Pulmonary micrometastases of colorectal cancer are detectable far earlier with combination imaging, opening door to improved cancer treatment.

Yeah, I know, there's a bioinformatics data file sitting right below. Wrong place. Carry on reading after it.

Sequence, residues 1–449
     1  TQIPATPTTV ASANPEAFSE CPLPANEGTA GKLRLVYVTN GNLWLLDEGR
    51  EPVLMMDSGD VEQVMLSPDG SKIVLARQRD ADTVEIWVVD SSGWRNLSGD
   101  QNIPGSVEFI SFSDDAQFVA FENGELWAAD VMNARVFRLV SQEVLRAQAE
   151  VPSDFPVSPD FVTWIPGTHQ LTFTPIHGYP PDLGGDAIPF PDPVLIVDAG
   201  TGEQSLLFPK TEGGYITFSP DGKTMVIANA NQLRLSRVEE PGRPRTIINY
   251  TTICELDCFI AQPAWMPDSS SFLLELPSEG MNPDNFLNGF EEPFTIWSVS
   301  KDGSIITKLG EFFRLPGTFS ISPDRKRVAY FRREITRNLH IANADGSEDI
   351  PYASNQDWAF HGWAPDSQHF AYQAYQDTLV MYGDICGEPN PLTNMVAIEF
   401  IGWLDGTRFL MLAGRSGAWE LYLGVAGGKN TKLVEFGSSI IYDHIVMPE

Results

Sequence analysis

SPECT/CT used with fluorescence could help surgeons tell the difference between tumor tissue and normal tissue, according to a new study from The Netherlands. In a study, published in The Journal of Nuclear Medicine, researchers analyzed data on colorectal cancer that had metastasized beyond the primary tumor. Using a mouse model, investigators identified pulmonary micromestastases of colorectal cancer with labetuzumab, an antibody that targets carcinoembryonic antigen. It was labeled with both a near-infrared fluorescent dye (IRDye800CW) and radioactive Indium-111. Carcinoembryonic antigen is overexpressed in 95% of colorectal cancer cases. Using micro-SPECT and fluorescence imaging, from the first week of tumor growth, researchers visualized sub-millimeter pulmonary tumor colonies. Results also indicated dual-modality imaging can also guide tumor lesion resection which is critical for patients to achieve the best prognosis. An injection of Indium-111-DTPA-labetuzumab-IRDye800CW enables detection of tiny carcinoembryonic antigen. The same strategy, with a different tumor-targeting antibody, can also be used with other types of cancer, researchers said. Ultimately, study results demonstrate the possibility to detect micrometastases of colorectal cancer with fluorescence imaging and SPECT/CT before they're visible to the naked eye, and the broad application of the strategy could change oncology surgery and improve cancer patient prognoses.